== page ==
By the time we left, the lights had gone out. The power had stopped. The place smelled of sewerage. Clean water was hard to come by. Food was near non-existent. I grew things in the garden but it wouldn’t sustain us. Some nights I would get out of bed and flick all the light switches in the house on and then off again-but it was useless. I wanted to believe we’d blown a fuse or needed new bulbs but the truth -the power was gone. It was never coming back. It was matches and candles and things we couldn’t make anymore. There were a lot of empty houses. We took things. Wouldn’t you?
We went to London together, me and my daughter. Along dark tar roads, broken and torn by the weather. Filled with others like us, walking to nowhere. I can still hear cars in my head sometimes. But cars were long gone. Fossil fuels. They were the enemy. We just didn’t know it. London, we were headed for London. Not really London. It was outside the M25. Near Reigate, where we –well I was old and she was young. Not super young. Seventeen–able to take care of herself. It was a joint decision. There was space on one boat. I gave her everything I could. Just words mostly. No matter how bad it gets-live, breath, live I will find you.
Those early journeys into France or Spain weren’t so risky. Lots made it and then onto Africa, more risky but still lots made it. Maybe she did. But Africa had shrunk as well. Even now, when I go there, I can’t tell which bits have survived and which haven’t. It changed. It just changed like everything else. Less water, less land, different land, more people, less people, different people. Its hard to know where she would even have landed. I tell myself she did land and I will see her again. I tell myself I would know inside my head if she was gone. But the truth is I don’t spend a lot of time inside my head. I focus on the things I need to do to survive. I hope she does to. Pain is useless in the face of hunger. It simply weighs you down more. Lessens your chances of survival.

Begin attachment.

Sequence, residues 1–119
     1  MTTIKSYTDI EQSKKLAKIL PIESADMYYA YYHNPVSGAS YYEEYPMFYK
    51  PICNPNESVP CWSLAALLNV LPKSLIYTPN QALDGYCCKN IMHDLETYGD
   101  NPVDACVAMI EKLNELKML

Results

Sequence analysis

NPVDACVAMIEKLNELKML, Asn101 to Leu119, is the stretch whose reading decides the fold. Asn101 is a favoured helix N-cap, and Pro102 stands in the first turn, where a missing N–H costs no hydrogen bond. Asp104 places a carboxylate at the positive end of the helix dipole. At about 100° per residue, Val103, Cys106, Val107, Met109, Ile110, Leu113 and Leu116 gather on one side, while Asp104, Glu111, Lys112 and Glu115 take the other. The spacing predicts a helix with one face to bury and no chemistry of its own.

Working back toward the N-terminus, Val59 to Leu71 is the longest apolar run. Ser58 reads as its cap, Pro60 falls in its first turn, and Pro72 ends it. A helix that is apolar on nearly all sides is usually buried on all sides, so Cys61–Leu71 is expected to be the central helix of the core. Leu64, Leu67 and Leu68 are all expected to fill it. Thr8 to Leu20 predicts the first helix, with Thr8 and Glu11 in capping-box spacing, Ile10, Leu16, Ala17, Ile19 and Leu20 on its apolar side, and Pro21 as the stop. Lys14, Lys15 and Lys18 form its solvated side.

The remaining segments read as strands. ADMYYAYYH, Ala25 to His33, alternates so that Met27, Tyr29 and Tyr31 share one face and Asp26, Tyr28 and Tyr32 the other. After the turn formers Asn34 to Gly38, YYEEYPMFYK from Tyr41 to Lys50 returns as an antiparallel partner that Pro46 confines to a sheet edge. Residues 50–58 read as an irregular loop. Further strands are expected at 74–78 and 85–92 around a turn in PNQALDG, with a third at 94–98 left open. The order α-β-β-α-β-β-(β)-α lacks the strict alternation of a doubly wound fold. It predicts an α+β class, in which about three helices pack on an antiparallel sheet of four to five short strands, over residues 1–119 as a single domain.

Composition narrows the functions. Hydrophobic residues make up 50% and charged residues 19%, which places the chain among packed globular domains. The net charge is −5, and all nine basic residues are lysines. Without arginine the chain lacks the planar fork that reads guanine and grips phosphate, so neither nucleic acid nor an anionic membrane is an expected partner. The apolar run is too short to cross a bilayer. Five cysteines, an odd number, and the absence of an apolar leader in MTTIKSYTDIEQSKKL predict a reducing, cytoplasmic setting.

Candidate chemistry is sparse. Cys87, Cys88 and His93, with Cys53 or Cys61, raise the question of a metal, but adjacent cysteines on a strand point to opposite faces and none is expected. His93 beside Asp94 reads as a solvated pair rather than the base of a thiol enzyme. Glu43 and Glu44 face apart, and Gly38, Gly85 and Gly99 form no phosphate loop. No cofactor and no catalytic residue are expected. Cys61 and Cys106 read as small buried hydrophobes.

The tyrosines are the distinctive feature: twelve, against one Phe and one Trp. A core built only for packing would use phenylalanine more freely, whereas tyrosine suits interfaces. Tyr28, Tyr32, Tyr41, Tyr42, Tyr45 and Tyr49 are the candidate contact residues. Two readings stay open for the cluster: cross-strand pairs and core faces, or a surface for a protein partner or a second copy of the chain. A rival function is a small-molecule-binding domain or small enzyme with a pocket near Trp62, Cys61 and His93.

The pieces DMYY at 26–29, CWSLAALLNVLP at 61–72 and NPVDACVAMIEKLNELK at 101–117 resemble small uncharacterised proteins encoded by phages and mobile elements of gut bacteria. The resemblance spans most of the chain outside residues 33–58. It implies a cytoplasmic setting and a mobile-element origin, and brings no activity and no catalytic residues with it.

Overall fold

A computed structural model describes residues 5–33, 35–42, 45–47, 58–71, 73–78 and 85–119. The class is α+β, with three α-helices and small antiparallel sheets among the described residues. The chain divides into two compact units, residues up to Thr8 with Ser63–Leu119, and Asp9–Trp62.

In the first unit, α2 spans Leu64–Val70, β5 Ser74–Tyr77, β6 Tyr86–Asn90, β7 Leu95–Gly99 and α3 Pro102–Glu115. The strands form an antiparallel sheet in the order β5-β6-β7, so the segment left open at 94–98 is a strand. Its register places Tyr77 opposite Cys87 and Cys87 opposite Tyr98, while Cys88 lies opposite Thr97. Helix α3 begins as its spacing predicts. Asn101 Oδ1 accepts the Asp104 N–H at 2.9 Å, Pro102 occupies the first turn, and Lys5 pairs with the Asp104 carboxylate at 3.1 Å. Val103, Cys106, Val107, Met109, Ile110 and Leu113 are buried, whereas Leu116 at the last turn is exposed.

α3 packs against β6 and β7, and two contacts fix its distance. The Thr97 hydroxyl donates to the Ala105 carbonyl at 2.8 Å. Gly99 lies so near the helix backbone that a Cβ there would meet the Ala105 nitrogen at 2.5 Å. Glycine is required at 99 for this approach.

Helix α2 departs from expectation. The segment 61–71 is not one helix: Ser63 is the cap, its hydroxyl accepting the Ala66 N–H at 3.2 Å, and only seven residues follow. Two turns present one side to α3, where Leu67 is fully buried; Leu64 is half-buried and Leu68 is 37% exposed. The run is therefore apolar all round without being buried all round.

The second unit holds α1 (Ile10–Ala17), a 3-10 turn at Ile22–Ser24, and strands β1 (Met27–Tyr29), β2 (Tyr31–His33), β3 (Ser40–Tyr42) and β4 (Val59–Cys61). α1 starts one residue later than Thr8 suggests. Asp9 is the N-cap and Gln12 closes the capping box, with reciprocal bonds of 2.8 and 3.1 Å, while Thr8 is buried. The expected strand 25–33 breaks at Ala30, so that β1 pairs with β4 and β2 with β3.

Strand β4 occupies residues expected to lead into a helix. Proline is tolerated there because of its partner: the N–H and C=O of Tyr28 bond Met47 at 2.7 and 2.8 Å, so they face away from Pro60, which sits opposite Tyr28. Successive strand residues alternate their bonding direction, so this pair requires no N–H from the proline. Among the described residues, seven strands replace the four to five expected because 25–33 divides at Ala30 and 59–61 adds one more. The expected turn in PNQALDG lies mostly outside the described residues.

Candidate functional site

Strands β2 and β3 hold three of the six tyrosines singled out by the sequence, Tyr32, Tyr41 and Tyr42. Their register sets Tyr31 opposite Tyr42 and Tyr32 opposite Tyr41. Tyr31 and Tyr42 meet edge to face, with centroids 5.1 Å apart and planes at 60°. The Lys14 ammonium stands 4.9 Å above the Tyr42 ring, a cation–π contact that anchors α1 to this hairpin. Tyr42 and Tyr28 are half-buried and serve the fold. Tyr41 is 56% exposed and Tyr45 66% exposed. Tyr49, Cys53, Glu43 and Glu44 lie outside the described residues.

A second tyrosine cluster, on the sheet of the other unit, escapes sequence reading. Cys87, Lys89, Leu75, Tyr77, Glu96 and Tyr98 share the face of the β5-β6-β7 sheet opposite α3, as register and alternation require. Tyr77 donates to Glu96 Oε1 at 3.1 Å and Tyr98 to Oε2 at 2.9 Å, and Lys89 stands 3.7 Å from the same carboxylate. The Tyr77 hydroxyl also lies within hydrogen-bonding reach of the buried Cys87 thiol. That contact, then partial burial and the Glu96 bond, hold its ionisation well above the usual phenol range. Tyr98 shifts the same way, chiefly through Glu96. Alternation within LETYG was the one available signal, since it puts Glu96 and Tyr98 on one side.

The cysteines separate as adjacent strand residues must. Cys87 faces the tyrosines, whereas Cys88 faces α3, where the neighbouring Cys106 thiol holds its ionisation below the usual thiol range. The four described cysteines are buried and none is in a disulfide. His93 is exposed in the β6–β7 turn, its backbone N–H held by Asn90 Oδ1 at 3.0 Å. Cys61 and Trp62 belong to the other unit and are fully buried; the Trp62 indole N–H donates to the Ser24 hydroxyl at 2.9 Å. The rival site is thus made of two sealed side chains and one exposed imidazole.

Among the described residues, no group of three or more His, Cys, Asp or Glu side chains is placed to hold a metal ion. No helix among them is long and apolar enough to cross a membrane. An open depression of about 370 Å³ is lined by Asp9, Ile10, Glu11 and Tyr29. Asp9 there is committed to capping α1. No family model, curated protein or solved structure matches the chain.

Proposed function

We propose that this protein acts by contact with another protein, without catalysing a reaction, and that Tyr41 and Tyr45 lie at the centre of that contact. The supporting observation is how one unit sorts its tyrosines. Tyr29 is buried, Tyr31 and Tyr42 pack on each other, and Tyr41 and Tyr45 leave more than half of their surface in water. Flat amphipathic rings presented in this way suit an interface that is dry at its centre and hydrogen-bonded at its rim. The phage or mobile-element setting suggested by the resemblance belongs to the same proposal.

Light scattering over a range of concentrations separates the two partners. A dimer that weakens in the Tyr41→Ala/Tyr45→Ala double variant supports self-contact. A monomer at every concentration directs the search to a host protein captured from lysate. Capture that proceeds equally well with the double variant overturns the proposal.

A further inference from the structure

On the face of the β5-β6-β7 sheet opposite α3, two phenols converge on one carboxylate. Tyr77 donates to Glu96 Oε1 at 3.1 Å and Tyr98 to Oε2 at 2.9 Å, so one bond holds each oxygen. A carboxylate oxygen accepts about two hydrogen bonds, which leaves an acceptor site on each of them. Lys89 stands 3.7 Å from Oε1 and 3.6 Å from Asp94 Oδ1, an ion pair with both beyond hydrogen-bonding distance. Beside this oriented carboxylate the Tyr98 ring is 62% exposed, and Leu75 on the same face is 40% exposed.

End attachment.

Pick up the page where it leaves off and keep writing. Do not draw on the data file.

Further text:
Row. Keep rowing. I keep rowing. Not seeing her getting into a boat. Not remembering that it was night time and dark and I lost sight of her even at the dock.
I remember her smell and her smile. The colour of her hair. My arms ache. The tears are coming. I focus. The tears will do me no good out here. I have to survive. The way she has to survive.
I look even now when I see a group. Him, the old lady I can barely make out their faces in my head but she is there, golden and shining and waiting. I stop rowing. I must focus.
There is so much blood, its like puberty in reverse. I remember puberty, hers, mine. Not enough food for her to even have a period at the end and here I am positively gushing Row, just row, on and on.
France is waiting. She spoke French, did a year of it at school. Better at Spanish. It would be enough. Would it? How could I know. You hear rumours about the fate of the children of Europe in the camps of Africa. I am fortunate. I came later, when humanity seems to have returned, although for my part I am not sure Africa is a continent it ever left. I think it might have been us, we might have been the ones that turned a blind to humanity and the price we have paid, when I think of it, is perhaps not so undeserved. I sob. I row. I try and focus. It is dark. I am wet. There is blood everywhere and still I have no choice. Breathe is going in and out of my body. I have to live. Survive. Go on.